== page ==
There are another couple of amazing beaches in the area if you want to pass this one. By driving just a little bit further you can get to Plage Amandiers and Plage de Clungy.

Other beaches nearby

Guadeloupe is the perfect island for beach hopping. There are over 200 beaches throughout the islands and they are all so close to each other.

  1. Plage de la Perle
  2. Plage de Grande Anse – one of the most beautiful and popular beaches in Guadeloupe.


If you can get this beach nearly to yourself it’s worth the stop! If not, I would continue on to another nearby beach with more amenities. 

On the weekends a lot of locals will barbecue and picnic in the area. During the week it won’t be be as busy.

Where to stay in Guadeloupe

La Toubana Hotel & Spa – This hotel is in an amazing location in Sainte-Anne overlooking Les Saintes.

Guadeloupe is not known for their amazing resort hotels, and yet, if that’s what you are looking for La Toubana Hotel is one of the nicest on the island. Located in Sainte-Anne, the location is ideal! So close to all the best beaches in Guadeloupe.

Make sure you book in advance as this place fills up really fast. We went to Guadeloupe in January and I checked prices for March and a lot of days were already booked out. Check availability here.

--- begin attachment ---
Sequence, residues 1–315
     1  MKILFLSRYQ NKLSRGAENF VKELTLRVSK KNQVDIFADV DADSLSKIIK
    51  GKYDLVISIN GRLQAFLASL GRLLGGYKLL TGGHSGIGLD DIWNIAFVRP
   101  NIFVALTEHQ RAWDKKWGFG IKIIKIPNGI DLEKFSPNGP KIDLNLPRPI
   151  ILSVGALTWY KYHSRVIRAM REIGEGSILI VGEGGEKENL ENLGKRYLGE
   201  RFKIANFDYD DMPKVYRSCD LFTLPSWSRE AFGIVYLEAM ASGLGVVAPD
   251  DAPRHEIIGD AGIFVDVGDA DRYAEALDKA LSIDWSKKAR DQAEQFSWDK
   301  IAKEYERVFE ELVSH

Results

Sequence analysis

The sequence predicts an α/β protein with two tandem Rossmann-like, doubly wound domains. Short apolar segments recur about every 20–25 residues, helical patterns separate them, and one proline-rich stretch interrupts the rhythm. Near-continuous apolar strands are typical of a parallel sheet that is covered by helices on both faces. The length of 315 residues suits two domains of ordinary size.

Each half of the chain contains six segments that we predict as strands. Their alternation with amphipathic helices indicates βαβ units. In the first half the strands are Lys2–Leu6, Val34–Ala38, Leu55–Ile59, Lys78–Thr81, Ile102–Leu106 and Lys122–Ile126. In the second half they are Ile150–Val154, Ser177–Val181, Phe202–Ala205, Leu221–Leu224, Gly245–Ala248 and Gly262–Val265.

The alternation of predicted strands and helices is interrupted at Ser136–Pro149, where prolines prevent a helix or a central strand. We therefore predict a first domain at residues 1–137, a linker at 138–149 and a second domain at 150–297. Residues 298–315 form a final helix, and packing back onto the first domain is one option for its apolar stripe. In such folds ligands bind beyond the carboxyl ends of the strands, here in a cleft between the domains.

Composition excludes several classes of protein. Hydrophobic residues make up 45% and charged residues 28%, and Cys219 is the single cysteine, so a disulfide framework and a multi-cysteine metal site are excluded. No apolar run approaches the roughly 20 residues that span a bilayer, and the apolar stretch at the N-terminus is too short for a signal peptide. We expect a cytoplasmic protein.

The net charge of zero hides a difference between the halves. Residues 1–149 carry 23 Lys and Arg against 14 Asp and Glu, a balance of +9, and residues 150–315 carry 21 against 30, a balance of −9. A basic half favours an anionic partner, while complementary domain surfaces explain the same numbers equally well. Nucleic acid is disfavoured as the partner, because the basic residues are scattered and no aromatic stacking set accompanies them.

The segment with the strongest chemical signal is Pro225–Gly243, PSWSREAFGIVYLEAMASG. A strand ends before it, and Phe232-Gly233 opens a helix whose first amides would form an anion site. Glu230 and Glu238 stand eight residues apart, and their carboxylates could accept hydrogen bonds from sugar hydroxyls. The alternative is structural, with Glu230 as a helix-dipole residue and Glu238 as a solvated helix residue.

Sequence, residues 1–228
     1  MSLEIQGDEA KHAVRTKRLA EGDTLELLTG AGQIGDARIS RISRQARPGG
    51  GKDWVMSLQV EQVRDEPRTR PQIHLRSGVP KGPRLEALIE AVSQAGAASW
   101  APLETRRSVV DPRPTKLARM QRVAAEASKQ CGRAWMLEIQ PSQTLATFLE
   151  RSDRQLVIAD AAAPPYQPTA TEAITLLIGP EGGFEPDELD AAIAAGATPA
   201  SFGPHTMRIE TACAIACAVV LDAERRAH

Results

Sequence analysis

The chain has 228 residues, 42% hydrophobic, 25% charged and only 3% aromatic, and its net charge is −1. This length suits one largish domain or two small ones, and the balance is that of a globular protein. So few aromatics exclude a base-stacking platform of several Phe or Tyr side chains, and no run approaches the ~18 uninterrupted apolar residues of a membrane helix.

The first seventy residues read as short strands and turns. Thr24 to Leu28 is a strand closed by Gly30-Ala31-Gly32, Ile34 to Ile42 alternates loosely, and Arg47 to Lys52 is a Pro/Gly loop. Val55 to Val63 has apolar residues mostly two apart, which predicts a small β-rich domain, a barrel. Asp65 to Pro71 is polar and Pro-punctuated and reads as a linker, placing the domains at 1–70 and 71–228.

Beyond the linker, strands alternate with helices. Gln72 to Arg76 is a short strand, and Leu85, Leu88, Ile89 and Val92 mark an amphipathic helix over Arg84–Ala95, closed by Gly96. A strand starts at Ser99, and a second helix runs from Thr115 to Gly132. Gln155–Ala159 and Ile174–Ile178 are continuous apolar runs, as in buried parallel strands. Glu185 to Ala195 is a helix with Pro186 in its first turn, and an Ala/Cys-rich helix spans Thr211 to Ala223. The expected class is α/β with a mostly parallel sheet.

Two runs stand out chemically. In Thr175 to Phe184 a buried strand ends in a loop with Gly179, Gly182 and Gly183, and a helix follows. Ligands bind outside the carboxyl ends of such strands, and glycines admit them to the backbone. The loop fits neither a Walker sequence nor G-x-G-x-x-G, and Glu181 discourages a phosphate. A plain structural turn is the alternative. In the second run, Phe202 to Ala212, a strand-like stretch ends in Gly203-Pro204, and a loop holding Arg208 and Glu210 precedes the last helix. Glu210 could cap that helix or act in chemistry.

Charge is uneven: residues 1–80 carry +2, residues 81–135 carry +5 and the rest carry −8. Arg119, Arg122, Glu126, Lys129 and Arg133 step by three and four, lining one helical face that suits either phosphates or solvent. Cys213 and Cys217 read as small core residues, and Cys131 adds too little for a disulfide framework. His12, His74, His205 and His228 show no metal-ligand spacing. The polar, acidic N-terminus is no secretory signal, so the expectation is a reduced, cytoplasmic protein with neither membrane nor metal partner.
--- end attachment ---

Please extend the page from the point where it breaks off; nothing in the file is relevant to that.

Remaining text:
La Toubana has been recently renovated and upgraded to a five-star hotel, the first and only five star hotel in Guadeloupe. Vénite said. “It is our first five-star property; we’ve never had that before,” she said. “It is in an amazing location in Sainte-Anne overlooking Les Saintes.”

Nearby Beaches: Bois Jolan Beach, La Caravelle Beach and Sainte Anne Beach

Some things to be aware of before traveling to Guadeloupe

  • The power plugs and sockets used on the island are types C and E Just like the rest of France. Voltage in Guadeloupe is 220 AC. This means if you are coming from the US you will need a plug converter. We forgot one and had a difficult time finding one on the island. We had to go to three different stores so definitely plan ahead.
  • Money – They use the Euro.
  • Population – about 400,000 people.
  • Almost every Guadeloupean is Roman Catholic. A lot of the stores were closed on Sunday or only open for a few hours.

Geography Clarification – most people think of Guadeloupe as 1 island, but there are actually 6 different inhabited islands. The biggest island is named Guadeloupe, but this island is split in two by a small sound – the west (left side on most maps) is called Basse-Terre and the east (right side on most maps is called Grand-Terre.

Language Barrier – Guadeloupe is a French speaking island and there is very little English spoken. Trust me, it will help to know a few beach terms in French. Creole is the second, unofficial language of Guadeloupe.

I had to use google translate while doing my trip research because most of the articles were written in French. Once there, most of the people are not used to tourists who do not speak French. Google translate is a MUST have when ordering food, etc.

Some words that will be especially helpful to know are…

  • Plage – Beach
  • Anse – Cove
  • Plongée en apnée or “palme masque tuba” PMT – Snorkeling